These Tiny Hi-Fi Earbuds Are the Future of Wearables – Gear Patrol
Every product is carefully selected by our editors. If you buy from a link, we may earn a commission.
Klipsch and Ear Micro’s new earbuds, the T10 Bespoke Ear Computers, could change wearable technology as we know it — starting at $2,500 per pair.
In 2007, Klipsch introduced the X10s, the smallest in-ear monitors ever created. They’re astonishingly slight. The business end is roughly the size of a grain of rice and, with the silicone ear tip removed, you’d be forgiven for thinking you’re just looking at a wire.
But here in 2022, wires are over and the still-stunning X10s continue evolving. Klipsch and Ear Micro, a wearable tech company, have used the X10s as the foundation for the smallest ever pair of wireless earbuds, the T10 Bespoke, by Ear Micro proudly featuring Klipsch Audio. And at a screamingly high $2,500 a pair (at the lowest), they’re some of the most expensive, too.
The original, wired X10s were designed to fit deep inside your ears, sitting very close to your eardrums, so that they could achieve extreme accuracy in part by being relatively quiet, limiting distortion. Some 15 years later, the T10s operate on the same basic acoustic principles.
“This is a product that is designed to teach the world that you can go way past Apple AirPods.”
“If I put the T10 and X10 next to each other, you will discover it’s precisely the same thing,” says Bear Clark, the chief innovation instigator at Ear Micro. They have the same acoustic package: audio tube, nozzle, precision-balanced armature and acoustic gasket system. “But instead of a cord coming out the end, it has our computer glued onto the side of it,” he says.
The result is acoustic excellence plus the smarts of top-tier wireless earbuds. The T10 Ear Computers support high-resolution streaming up to 24-bit/96kHz (if it’s coming from a device that can dispense it). They have hybrid active noise cancellation. And despite their diminutive size, each earbud has a pretty impressive 9-hour battery life. But as their name hints, the T10 set their sights considerably higher in terms of computational capabilities.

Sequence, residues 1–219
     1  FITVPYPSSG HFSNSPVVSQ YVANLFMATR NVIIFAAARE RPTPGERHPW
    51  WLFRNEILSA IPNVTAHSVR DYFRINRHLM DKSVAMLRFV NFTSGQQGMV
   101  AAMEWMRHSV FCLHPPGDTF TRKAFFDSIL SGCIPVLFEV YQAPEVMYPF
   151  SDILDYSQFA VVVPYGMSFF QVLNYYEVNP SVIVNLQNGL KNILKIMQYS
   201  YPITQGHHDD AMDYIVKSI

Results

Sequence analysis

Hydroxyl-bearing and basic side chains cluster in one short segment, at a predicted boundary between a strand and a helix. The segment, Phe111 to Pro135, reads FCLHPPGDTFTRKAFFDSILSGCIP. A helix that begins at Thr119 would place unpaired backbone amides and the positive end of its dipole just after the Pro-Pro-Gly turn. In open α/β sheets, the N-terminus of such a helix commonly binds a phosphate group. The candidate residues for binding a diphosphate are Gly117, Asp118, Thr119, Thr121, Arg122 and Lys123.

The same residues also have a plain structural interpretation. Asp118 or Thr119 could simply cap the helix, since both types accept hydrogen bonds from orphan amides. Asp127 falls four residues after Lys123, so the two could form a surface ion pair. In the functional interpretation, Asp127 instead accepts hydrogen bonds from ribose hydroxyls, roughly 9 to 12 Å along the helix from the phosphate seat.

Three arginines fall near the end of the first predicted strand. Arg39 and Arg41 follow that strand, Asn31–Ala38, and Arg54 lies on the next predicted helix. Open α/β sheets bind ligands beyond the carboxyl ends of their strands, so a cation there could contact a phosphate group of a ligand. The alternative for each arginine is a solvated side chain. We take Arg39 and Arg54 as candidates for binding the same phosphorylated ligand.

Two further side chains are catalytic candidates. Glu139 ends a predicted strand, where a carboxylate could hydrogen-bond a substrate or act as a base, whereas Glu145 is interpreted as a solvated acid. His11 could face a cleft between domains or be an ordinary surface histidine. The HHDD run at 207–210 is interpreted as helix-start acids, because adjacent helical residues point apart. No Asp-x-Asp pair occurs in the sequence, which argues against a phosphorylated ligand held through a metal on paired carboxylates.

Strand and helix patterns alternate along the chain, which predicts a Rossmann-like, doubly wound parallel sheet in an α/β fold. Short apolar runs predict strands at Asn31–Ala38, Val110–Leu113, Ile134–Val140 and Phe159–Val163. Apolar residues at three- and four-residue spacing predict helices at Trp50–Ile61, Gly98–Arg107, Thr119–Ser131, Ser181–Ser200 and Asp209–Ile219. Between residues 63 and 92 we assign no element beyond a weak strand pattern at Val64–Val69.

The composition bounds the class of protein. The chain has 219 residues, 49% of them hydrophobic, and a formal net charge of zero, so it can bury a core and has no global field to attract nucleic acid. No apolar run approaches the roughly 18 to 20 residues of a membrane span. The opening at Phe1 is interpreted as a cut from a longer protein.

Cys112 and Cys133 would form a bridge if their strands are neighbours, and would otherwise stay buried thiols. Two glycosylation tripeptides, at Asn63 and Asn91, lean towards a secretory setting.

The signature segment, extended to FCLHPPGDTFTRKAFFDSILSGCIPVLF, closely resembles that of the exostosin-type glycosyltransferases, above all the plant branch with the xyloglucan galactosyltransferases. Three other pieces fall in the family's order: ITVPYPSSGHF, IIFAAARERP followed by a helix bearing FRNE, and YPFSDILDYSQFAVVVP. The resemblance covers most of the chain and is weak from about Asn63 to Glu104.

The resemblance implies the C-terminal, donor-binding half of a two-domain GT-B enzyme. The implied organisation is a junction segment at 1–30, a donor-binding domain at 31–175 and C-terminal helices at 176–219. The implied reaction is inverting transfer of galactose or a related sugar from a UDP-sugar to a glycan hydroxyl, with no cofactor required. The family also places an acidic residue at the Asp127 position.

Each earbud works like its own computer — sans the screen, of course. They are decked out with a custom processor, built-in memory and storage, as well as gyroscopes and accelerometers to detect head and even mouth gestures. It’s a suite of capabilities that, Clark argues, puts the T10s more in the realm of augmented reality devices than your average pair of cans. “The fundamental difference between Google Glass, which is a computer, and the T10, which is a computer, is Google Glass or Apple Glass is for your eyes and this is for your ears,” Clark says.
And to that end, the T10s are upgradable and customizable, designed with internal components that are replaceable by anyone with standard tools and moderate electronics expertise. “You can think of us as creating this chassis,” Clark says. “You want more memory? Put a new memory card in here. You want to put 5G in here? Put the new circuit board in it with 5G.” But maybe most crucially, it means that you’ll eventually be able to replace the battery — assuming that Klipsch, Ear Micro, or someone else is still selling new ones when you need them.
You can purchase a pair of T10s for $2,500, but that price can double if you choose to customize your pair at checkout. “Part of the reason that these things are $2,500 is that they are built like Swiss watches,” Clark explains. “One at a time with exotic materials, under microscopes by a human being.”
And with prices like that, the T10s are aimed squarely at a very small and specific market. “We made this product for people who care too much and whose affinity for the dollar bill is way down on the scale,” Clark says. “What they really care about is something that is excellent, that gives them goosebumps and pride of ownership, and the opportunity to be the first in the world to have something.”
You probably won’t see a lot of T10s out in the wild — they are just too damn expensive. But Ear Micro and its software partner Bragi have designs on making “ear computing” an essential aspect of the coming wave of augmented-reality wearables. Thanks to ownership of a number of key patents, they’re poised to control the space, whether it gets popular or not.
Clark is unsurprisingly optimistic. “When I tell you that ear computing is the way that all of us will be interacting with the world, that’s not far-fetched — jerks like me are leading that wave,” he says. “And so what you’re really talking about with the Klipsch product, or the T10 product, is a proof of concept. This is a product that is designed to teach the world that you can go way past Apple AirPods.”
Leave a Comment
You must be logged in to post a comment.